Summer is here, and that means longer days, vacations and soaking up the sun.  

However, there's a downside to summer and it's called sweat. It makes your hair wet, skin sticky, and it trickles down to places you didn't know it could.

When you're a pumping and/or nursing mom, sweat is not your friend. When sweat lingers in a warm area like the breast, it increases the chances of bacteria forming.

To help you avoid bacteria growth and possible milk contamination, we've come up with 5 tips for pumping and nursing in the summer heat.

  1. Manage boob sweat

The bead of sweat that formed at your neck has moved down to the center of your chest. Yep, it's boob sweat, and it happens to the best of us,  especially in the summer.  Breast sweat can be found on the top of your breast, on the sides and underneath.

While you might want to use baby powder or breast deodorant to prevent sweating--don't. Sarah Long, The Milk Bank's clinical coordinator and International Board Certified Lactation Consultant said you should avoid applying creams and lotions.  Long noted that both the chemicals in the lotions and sweat have the potential to get into your milk

If you can't take a quick shower, keep a towel with you to pat sweat off.  You want to make sure your breast are dry before you begin a pumping session.

2. Wash your hands

If you remember nothing else, remember this: wash your hands before you pump.  For milk donors, we recommend washing your hands with soap and warm  water followed by drying with a clean paper towel or cloth. If you're not going to be near soap and water, hand sanitizer will work.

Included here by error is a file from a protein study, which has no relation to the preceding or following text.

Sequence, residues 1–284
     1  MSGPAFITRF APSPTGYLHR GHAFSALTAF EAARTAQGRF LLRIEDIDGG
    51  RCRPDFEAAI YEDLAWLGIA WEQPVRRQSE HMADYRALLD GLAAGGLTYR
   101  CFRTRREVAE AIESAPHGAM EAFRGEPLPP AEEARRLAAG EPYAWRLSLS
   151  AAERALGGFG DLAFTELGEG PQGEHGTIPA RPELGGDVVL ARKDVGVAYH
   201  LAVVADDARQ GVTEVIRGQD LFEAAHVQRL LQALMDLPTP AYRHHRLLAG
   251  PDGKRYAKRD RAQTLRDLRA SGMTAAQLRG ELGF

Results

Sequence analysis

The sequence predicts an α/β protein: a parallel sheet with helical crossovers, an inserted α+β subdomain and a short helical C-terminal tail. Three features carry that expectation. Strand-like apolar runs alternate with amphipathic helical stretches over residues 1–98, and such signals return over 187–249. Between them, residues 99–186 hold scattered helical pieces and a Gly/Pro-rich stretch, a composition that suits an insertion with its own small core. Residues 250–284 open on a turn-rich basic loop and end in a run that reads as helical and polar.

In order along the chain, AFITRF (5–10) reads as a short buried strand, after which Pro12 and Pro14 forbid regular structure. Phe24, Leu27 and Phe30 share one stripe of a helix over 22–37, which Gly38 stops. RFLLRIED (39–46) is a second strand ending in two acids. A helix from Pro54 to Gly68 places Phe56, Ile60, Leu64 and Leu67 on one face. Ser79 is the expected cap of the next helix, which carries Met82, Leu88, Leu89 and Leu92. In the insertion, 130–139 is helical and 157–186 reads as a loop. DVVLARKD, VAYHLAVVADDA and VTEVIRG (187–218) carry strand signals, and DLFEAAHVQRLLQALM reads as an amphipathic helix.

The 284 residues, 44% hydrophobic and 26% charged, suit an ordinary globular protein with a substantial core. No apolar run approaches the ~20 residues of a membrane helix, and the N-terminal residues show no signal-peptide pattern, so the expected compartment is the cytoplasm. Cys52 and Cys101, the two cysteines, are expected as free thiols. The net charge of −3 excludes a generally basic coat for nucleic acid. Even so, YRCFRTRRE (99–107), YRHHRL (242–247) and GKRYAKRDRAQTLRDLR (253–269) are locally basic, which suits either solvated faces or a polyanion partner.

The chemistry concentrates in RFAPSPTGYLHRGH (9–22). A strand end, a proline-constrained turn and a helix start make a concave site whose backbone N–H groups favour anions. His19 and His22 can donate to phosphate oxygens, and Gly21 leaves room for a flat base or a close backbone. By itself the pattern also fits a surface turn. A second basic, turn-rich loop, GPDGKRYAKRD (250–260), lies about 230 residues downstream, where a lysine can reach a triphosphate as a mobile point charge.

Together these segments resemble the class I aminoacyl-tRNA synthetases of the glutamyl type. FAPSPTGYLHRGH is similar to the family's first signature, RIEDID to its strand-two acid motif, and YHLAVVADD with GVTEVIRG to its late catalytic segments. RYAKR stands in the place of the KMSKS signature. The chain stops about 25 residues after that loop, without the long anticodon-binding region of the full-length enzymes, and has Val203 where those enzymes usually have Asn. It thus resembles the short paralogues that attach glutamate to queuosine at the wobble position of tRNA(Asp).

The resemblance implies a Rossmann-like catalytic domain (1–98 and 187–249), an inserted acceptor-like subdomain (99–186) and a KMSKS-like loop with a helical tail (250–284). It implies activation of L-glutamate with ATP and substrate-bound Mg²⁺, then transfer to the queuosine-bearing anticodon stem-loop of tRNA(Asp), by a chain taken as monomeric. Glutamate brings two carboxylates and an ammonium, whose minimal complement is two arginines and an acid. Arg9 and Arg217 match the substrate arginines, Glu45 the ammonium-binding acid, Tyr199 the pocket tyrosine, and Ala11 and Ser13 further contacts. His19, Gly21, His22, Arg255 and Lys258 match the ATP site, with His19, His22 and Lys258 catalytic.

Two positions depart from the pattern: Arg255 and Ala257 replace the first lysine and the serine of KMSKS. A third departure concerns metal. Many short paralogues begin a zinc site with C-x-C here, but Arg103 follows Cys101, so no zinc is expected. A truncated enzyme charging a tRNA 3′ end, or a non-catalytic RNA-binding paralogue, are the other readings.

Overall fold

For donor moms, it's recommended that you avoid any lotions or hand creams as this can increase the risk of contamination, according to Long.

3. Clean your pump parts


Heat is a breeding ground for germs, so it's vital that you wash and dry your parts thoroughly. Before you wash your parts, give them a rinse under cool water to remove any milk protein residue.

Between pumping sessions, wash parts in warm, soapy water and rinse twice in hot water; then allow to air-dry on a paper towel. If you aren't able to wash parts between sessions, you can store them in a clean plastic bag in the refrigerator, which will help cut down on bacterial growth.

For donors, sterilizing is also important. You need to make sure you sterilize your pump parts at least once a day.

Check out our how-to videodemonstrating how to clean your pump parts.

4. Keep it cool

Most of us enjoy packing the car and taking a road trip during the summer. If you're planning to pump while traveling, make sure you pack an extra cooler and ice packs for your milk.  If you can't get to a freezer during the day, use frozen gel packs instead of ice.

Long said using the gel packs instead of ice helps to prevent melting ice from coming in contact with the milk.

Pack milk tightly in the cooler filling any empty spaces with crumpled paper, but put it in a freezer as soon as you can.

5. Change often

If you're still wearing nursing pads, know that the summer temps warrants them being changed more frequently. The moisture from sweat, leaking breast milk and body heat can put you at risk for yeast growth Also, don't forget to rinse or wash your bras daily if you've sweated a lot.

We hope these tips help you this summer.

Happy pumping/nursing!